With national health issues looming for today’s youth, it’s time to offer a greater number of healthy, athletic choices.
Skateboarding has millions of participants nationally and it’s still growing while more traditional sports are in decline. There are currently abundant facilities for these other sports.
The skatepark can be an attraction for family vacations.
The skatepark can be a place to go after school.
Neighborhood skateparks allow for younger skaters to recreate safely close to home. (Information taken from the Public Skatepark Development Guide)
Why a Skatepark?
Due to the growing population of skateboarders, safety concerns,and the need for positive healthy activities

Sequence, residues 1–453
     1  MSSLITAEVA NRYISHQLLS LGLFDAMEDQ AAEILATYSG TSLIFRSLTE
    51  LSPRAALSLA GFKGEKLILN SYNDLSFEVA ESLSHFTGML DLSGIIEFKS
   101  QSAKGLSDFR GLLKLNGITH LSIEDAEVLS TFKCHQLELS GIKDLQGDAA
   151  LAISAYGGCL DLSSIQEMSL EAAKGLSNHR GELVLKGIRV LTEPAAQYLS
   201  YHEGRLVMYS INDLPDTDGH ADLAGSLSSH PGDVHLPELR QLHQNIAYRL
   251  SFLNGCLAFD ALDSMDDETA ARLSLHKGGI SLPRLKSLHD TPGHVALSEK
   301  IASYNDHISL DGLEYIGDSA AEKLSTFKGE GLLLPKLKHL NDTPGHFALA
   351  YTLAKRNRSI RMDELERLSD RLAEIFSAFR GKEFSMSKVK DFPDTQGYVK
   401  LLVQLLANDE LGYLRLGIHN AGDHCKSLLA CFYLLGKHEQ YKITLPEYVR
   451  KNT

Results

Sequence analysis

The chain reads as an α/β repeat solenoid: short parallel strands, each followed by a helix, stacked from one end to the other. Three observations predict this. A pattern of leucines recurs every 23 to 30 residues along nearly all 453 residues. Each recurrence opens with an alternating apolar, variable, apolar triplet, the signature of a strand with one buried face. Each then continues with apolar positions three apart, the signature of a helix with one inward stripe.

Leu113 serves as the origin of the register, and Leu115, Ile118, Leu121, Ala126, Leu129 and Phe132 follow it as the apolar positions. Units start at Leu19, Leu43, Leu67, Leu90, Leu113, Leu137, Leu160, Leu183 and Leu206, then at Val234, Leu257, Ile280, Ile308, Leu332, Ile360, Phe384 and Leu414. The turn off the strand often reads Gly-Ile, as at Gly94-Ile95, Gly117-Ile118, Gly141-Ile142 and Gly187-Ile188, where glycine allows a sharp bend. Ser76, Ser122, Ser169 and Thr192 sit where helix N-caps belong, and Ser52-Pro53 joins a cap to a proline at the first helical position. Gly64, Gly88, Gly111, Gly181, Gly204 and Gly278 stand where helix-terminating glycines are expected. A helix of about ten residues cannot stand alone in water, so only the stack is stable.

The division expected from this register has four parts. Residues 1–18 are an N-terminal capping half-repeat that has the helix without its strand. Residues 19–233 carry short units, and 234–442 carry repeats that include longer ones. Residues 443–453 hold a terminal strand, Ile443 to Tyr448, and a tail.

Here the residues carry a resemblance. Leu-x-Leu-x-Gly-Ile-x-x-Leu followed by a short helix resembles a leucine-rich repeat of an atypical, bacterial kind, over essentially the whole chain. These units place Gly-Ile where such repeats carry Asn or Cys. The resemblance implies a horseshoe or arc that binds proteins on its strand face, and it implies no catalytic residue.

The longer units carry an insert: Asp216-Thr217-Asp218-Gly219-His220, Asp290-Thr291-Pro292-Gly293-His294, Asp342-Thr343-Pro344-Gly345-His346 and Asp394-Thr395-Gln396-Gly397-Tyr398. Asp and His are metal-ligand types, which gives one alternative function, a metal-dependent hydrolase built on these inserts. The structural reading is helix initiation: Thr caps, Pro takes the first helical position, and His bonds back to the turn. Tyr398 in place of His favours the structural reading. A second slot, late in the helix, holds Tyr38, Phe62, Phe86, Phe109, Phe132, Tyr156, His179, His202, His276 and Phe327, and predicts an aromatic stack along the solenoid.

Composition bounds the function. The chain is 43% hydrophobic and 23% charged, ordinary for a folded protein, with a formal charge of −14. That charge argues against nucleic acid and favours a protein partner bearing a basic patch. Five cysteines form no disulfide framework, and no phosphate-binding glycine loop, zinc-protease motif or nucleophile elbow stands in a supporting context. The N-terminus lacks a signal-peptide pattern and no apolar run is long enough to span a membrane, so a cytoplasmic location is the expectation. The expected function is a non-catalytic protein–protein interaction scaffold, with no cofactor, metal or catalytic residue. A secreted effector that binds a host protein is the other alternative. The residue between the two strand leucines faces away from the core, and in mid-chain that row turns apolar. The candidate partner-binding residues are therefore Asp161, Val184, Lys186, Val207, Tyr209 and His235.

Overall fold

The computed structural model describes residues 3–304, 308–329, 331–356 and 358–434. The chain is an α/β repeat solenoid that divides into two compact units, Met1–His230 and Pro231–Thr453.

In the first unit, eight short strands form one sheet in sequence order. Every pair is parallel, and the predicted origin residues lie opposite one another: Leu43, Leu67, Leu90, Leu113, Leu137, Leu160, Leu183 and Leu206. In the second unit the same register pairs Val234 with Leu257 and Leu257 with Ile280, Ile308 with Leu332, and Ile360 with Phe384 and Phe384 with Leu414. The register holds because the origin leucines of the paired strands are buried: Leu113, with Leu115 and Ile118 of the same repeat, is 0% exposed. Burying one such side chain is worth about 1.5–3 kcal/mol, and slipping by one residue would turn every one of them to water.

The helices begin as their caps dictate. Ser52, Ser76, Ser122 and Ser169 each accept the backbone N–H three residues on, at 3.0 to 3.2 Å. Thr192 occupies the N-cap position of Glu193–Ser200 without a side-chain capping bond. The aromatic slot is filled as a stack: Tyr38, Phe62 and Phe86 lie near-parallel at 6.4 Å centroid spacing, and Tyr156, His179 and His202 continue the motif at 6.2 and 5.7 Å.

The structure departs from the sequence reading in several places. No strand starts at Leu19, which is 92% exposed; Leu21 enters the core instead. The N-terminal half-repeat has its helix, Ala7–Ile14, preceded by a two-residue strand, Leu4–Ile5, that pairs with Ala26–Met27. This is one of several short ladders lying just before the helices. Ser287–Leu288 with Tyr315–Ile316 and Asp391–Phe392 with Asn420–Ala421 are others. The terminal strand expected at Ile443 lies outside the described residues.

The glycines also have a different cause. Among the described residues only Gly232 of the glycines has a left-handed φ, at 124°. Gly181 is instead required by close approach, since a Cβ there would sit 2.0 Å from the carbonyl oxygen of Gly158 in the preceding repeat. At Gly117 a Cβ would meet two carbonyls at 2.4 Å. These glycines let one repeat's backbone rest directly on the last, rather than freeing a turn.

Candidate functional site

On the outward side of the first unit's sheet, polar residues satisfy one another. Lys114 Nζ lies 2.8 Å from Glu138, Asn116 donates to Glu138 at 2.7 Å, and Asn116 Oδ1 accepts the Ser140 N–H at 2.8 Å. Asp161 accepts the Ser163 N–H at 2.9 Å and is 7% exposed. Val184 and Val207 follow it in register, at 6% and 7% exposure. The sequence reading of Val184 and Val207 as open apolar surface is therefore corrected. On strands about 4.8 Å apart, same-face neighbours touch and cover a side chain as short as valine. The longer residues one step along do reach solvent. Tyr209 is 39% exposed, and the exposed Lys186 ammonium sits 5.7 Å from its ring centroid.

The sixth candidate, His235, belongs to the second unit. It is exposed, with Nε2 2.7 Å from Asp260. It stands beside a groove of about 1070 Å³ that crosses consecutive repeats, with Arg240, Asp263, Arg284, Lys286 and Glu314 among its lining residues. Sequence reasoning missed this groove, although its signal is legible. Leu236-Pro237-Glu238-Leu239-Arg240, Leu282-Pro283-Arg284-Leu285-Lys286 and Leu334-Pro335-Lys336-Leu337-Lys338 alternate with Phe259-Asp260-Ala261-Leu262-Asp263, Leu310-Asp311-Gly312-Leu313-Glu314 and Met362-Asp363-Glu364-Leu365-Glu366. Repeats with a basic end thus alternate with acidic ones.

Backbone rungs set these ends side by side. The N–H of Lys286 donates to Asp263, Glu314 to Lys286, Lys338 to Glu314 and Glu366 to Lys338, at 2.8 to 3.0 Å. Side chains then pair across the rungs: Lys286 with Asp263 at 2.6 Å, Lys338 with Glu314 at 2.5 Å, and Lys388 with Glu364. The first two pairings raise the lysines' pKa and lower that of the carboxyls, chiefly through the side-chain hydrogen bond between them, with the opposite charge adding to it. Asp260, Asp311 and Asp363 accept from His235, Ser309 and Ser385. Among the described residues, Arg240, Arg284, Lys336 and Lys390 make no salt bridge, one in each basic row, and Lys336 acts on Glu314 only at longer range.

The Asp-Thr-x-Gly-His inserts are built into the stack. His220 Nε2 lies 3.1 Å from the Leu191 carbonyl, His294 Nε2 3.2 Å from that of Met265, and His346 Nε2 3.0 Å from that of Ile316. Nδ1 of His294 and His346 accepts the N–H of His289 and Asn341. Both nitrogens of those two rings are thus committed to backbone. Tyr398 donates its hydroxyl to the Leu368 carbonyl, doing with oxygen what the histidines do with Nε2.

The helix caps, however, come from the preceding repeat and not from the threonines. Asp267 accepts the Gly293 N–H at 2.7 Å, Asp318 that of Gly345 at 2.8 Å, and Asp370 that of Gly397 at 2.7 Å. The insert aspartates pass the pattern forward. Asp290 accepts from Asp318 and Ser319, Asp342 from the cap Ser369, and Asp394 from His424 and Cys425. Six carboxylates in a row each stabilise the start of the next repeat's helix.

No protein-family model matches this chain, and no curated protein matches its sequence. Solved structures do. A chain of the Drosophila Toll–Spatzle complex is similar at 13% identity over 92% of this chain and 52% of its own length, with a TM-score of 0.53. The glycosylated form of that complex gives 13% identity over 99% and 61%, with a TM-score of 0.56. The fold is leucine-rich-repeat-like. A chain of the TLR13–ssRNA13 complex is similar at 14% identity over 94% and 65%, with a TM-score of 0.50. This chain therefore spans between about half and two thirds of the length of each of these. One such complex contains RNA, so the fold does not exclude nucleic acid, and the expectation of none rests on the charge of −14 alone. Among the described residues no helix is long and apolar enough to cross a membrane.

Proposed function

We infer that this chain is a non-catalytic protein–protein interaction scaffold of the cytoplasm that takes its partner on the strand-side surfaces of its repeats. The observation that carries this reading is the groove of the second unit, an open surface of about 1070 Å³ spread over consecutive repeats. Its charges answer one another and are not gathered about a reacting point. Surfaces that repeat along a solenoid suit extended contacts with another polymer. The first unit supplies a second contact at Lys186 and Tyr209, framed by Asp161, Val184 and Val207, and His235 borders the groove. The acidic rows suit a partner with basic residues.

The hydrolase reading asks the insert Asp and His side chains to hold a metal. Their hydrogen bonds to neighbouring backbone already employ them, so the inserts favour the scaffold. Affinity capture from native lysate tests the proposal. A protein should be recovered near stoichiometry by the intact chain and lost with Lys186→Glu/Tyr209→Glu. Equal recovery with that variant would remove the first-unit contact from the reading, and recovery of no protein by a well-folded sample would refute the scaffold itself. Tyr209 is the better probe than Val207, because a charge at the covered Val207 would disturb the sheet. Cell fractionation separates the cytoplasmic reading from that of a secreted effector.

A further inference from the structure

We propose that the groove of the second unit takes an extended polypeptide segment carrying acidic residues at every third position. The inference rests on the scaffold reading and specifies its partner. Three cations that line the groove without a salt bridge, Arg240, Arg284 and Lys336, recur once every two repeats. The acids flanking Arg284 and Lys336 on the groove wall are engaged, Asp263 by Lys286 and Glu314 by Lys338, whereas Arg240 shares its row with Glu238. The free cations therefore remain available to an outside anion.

for our youth.
• Creates a top quality regional attraction
• Strengthens community image and creates a sense of place
• Contributes to the health and physical well-being of the community
• Provides positive youth development in a safe, secure environment
• Develops new community partnerships
Each year in the U.S., skateboarding injuries cause about 50,000 visits to emergency departments and 1,500 children and adolescents to be hospitalized (American Academy of Pediatrics, 2002). According to the U.S. Consumer Product Safety Commission, approximately 242,000 injuries were treated in hospitals, doctors’ offices, clinics, ambulatory surgery centers and hospital emergency rooms in 2003.
Sprains, fractures, contusions and abrasions are the most frequent injuries. The majority of reported injuries were of the extremities. Among these, wrist and ankle fractures are the most common and followed by head injuries. Most hospitalizations involve head injury.
Sixty percent of skateboard injuries involve children under age 15, and skateboarders who have been skating for less than a week suffer one-third of the injuries. (Information taken from the Public Skatepark Development Guide)